Chickens are funny creatures.  When they move, it looks like they have choreographed a comedic play just for you.  Their scratching is great for the garden while it is fallow, as I discussed in this post.  However, when they are in spots that are not meant for them, they can wreak havoc.

As Fall was rolling in, I mulched around my trees, brambles, bushes and strawberries.  I used straw in most places, and some pine needle “straw” around my blueberries and strawberries in the front of the house.  Loose mulch is chicken crack.  They love scratching in the loose mulch.  I think it’s like a chicken treasure hunt.  While I want to provide the best life for them I can, I am less than thrilled that they scattered the mulch, I apply the mulch to protect the plants and feed the plants as it breaks down.

I applied the pine needles in the front of the house.  I was a little disheartened when I walked out my door and saw this:

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They dug up my strawberries, exposed a ton of dirt and pushed all the dirt onto the driveway:

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Later, they were running out into the road.  Running into the road is not especially good for their long term well being, as moving cars and chickens do not mix.  And there was poop where poop does not belong.

Overall, I am not a fan of having my chickens free-range.  It is unsafe for them, and a headache for me.  And I also don’t believe the opposite approach is good either where they are cooped up in a small space and they can’t even spread their wings.   In my opinion, the best way to raise chickens is by using a rotational grazing pattern.

Rotational grazing is used by those who have any number of animals: pigs, cows, sheep, and yes, chickens.  The basic idea is the chickens (or insert your animal here) start off in one fenced in area.  They have lots of room to be a chicken.  They can scratch, find new tasty bugs, and make me laugh.  Once the land has been worked over by the chickens, but the land is still in good shape, you move the chickens to the next bit of paddock.  The chickens now get lots of new goodies and they aren’t depleting your land.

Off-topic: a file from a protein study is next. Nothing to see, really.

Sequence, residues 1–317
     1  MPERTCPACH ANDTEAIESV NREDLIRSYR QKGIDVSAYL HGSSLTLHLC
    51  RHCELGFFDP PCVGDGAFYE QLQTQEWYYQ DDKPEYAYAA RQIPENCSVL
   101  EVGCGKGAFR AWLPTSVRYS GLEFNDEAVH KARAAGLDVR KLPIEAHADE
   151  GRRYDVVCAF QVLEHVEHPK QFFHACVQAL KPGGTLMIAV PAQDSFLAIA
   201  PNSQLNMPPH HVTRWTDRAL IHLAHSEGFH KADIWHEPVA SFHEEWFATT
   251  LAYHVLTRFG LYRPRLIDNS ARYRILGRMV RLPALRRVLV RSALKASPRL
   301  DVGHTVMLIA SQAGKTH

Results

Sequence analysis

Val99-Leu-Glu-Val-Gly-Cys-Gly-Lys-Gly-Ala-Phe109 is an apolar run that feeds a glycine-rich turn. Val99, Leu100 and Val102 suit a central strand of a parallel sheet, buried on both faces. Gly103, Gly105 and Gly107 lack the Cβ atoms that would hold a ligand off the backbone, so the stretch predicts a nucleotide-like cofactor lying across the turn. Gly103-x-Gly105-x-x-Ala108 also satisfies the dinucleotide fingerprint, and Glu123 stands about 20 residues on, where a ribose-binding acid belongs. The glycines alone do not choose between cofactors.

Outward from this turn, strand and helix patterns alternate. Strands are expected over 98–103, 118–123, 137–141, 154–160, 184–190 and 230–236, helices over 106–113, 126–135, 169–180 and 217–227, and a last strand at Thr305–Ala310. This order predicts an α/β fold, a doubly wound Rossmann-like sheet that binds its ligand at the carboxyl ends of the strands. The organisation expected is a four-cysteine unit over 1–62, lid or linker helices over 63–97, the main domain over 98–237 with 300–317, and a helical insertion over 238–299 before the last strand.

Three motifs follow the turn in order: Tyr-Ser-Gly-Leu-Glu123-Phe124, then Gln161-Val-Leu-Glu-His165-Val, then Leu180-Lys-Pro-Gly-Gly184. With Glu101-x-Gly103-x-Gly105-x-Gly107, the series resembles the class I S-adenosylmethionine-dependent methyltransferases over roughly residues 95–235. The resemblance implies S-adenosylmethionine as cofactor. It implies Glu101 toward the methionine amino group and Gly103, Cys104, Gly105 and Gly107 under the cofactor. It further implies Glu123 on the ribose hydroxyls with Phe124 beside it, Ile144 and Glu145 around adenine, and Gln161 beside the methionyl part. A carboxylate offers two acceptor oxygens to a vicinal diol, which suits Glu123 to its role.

Meanwhile that first piece of land you had them in is now benefiting from the extra fertilizer and the bit of disturbance from the chickens.  The chickens won’t come back to that paddock until it is ready for them.  That is ideal.  BUT this is not what I’m doing now.  I have a slow paddock shift.  Where I’m letting the chickens go crazy in my garden, and they are tilling and fertilizing the soil.  When it’s time to plant in the garden, I will move the chickens into the system I described above.

 

 

Storage Tip for Broth

Making broth from chicken bones is super easy.  I outlined how to do it here: How to Make Broth.  Once you have all this broth you can freeze it, but what if you only want a portion of what you have frozen?  Do you have to thaw it and refreeze the remainder?

No!  A super easy solution for broth storage is to freeze in ice cube trays.  On a minimum, I let the broth sit overnight in the fridge and skim the fat off the top.

There is still a bit of fat on top.  I was able to remove most of it, the little bit left is fine.

There is still a bit of fat on top. I was able to remove most of it, the little bit left is fine.

I then pour it into trays.

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And put the trays in the freezer and let it freeze.

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When I take my cubes out of the freezer, I have to leave it sit out for a little bit before I’m able to get the cubes out of the tray.  Make sure you transfer the cubes into a freezer bag or other storage container or your cubes may get freezer burnt.

Now, if you want to make a small batch of soup, or just need a little more broth for a project, you are ready to go.

A standard ice cube trays make a cube that is about 1 1/2 Tablespoons.  That means that if you need 1 cup of broth, you will need about 11 cubes.  This may vary depending on how much you fill you tray, and the size of the cubes on the tray, but for this type of cooking, you rarely need exact measures.

This simple tip has made life a little easier for me, and I hope it does for you, too!!!!